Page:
The space shuttle, like most launch vehicles, was a multistage vehicle (albeit one where the various stages were mostly stuck to the sides of each other rather than being stacked vertically), reducing the amount of mass and weight needing to be carried all the way into orbit:
- The first stage was the two SRBs, which burned from liftoff until fuel exhaustion about two minutes later, at which point they fell off the sides of the shuttle stack, were pushed away by sepratrons at their head and tail ends, and parachuted into the ocean for recovery and reuse.
- The second stage was the three ET-fed RS-25 SSMEs on the orbiter’s rump, which burned from several seconds prior to liftoff until shutting down approximately eight and a half minutes after liftoff; following engine shutdown, the ET fell off the orbiter’s belly, reentered the earth’s atmosphere, and despawned over the South Pacific.
- The third stage was the two AJ10s in the OMS pods on the orbiter’s upper rump, which burned twice: first for about one-and-three-quarters minutes, starting a few seconds after SRB separation, and then again for between thirty seconds and a minute, starting about eighteen to twenty minutes after liftoff, to perform the final orbital insertion. (In the event of a severe underspeed, another burn could be inserted, this one up to several minutes long, starting ten to eleven minutes after liftoff.)
Although the SRBs and ET separated properly every time they were required to do so throughout the duration of the shuttle fleet’s entire service life, failures-to-stage (both with side-mounted strap-ons and with vertically-stacked core stages) have occurred many times with expendable launchers,1 and there is no reason to assume that they couldn’t have happened with the shuttles; yet, the space shuttle flightcrew operations manual contains no information on what to expect or what actions to take in the event of an SRB or ET separation failure, not even in its otherwise-extremely-comprehensive “Emergency Procedures” section.
Given that the shuttle stack would already have been very high in the atmosphere by the time of SRB burnout, and would have been well and truly in space by the time ET jettison was commanded, the aerodynamic forces on the vehicle stack would have been low to negligible even with a retained SRB(s) or ET, and, thus, I’m assuming that an SRB or ET separation failure would not have led to an immediate loss of control. The main effect of a separation failure would, presumably, have been the weight and mass penalty of the non-separated components:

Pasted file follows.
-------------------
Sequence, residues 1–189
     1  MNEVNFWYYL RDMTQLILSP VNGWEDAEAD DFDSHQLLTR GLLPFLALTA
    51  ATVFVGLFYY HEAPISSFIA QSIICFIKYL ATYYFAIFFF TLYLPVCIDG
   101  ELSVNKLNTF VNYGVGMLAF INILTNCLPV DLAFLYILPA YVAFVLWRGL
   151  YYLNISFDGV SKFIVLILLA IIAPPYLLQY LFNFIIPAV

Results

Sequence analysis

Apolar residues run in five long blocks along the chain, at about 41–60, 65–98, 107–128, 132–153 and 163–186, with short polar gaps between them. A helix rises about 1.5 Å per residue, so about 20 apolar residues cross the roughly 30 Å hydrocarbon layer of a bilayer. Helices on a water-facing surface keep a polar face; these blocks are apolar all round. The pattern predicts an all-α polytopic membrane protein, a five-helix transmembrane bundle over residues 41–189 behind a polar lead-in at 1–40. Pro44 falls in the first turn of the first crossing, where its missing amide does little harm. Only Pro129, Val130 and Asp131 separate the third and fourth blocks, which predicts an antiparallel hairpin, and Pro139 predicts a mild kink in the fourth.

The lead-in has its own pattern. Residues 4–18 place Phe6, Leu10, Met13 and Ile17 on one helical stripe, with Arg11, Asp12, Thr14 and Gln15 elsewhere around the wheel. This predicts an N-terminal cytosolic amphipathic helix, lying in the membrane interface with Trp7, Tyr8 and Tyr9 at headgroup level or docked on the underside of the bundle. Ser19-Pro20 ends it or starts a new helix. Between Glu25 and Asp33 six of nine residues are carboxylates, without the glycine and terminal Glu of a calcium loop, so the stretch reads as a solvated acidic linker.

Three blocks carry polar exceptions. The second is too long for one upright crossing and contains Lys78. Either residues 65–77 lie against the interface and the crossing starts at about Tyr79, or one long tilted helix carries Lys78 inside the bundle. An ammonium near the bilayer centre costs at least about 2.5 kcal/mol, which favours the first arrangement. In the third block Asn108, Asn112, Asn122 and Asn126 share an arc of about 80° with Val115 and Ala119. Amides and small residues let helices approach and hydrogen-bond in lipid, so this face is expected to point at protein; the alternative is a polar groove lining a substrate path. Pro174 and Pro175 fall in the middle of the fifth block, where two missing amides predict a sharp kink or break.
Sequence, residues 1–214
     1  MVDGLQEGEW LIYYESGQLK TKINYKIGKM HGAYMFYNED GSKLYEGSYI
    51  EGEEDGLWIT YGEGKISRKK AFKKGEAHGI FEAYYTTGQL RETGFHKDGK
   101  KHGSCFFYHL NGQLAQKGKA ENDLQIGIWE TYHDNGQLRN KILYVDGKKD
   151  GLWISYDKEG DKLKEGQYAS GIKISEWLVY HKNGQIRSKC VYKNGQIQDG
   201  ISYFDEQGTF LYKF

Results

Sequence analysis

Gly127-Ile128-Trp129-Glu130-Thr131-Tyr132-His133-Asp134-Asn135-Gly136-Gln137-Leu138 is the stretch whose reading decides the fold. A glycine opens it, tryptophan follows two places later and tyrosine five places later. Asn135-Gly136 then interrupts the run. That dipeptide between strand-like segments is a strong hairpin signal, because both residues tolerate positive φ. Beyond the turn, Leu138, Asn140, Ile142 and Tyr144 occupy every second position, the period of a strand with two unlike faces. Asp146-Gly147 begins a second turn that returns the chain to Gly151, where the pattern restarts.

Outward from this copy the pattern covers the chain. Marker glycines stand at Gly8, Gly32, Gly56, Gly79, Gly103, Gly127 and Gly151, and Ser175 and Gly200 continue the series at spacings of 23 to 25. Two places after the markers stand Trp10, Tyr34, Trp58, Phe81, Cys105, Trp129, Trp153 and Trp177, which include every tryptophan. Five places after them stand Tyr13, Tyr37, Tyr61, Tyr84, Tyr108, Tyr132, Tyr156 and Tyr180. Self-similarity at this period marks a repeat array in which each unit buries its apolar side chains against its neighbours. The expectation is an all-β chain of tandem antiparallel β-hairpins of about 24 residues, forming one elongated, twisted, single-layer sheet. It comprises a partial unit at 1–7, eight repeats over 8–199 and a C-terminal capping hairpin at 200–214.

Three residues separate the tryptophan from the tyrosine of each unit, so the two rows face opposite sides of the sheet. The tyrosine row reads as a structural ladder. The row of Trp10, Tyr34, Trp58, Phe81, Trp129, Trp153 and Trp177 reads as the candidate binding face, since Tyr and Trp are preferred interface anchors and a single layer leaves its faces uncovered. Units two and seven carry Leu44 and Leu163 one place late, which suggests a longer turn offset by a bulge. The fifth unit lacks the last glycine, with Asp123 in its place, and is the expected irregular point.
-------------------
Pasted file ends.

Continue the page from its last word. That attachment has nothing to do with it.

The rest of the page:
- In the event of an SRB separation failure, the added deadweight would, most likely, render the shuttle totally incapable of reaching orbit, probably requiring either an RTLS or TAL abort (which one would probably depend on the mission’s trajectory, gross weight, and Δv margin); a TAL would probably be preferable, if at all possible, because a) a TAL was a much simpler and more forgiving abort mode than an RTLS, keeping the vehicle much further away from the edges of its flight envelope than an RTLS would, and b) the aerodynamics during the late stages of RTLS powered flight (with the vehicle at relatively low altitude, moving back towards the launch site, and powering out of a momentarily-vertical freefall), and during the extended mated-coast phase used for an RTLS, might be rather iffy with one or both SRBs still attached to the ET, potentially risking a loss of longitudinal or directional control or a collision with the jettisoned ET-cum-SRB(s). In either case, the ET (with SRB[s] still attached) would presumably be jettisoned at the normal time for whatever abort mode was chosen.
- In the event of an ET separation failure, the vehicle - already quite close to full orbital speed - might (depending on the mass of payload carried) have been capable of reaching at least a low ATO orbit with a set of extended OMS burns (possibly using the orbiter’s aft RCS jets to assist); this answer, concerning earlier plans to bring an ET all the way into orbit for use as a space station or whatever, indicates that a shuttle could potentially have reached orbit without jettisoning the ET, at least under the right conditions (light payload, no other performance-reducing occurrences during launch).2
What were the procedures, if any, for responding to an SRB or ET separation failure?
1: Including on at least one manned mission.
2: Pressing uphill to some kind of orbit (even a low one), and then either waiting for rescue or attempting an emergency EVA to manually free the orbiter from the ET, would pretty much have been the only even-potentially-survivable option for an ET separation failure, as reentering with the ET still attached would have (not necessarily in this order):3
- Led to a loss of control, due to the aerodynamic forces on the ET.
- Caused the ET to explode from shock heating (via the boiling and thermal expansion of the residual propellants in the ET), likely damaging the orbiter (especially its lower surface, home to important parts of the orbiter’s thermal-protection system) in the process.
- Likely blocked the orbiter’s landing gear from being lowered.
All of these would probably have been bad.
3 As a result, if (say) the ET were to fail to separate during a TAL, the astronauts would basically be screwed.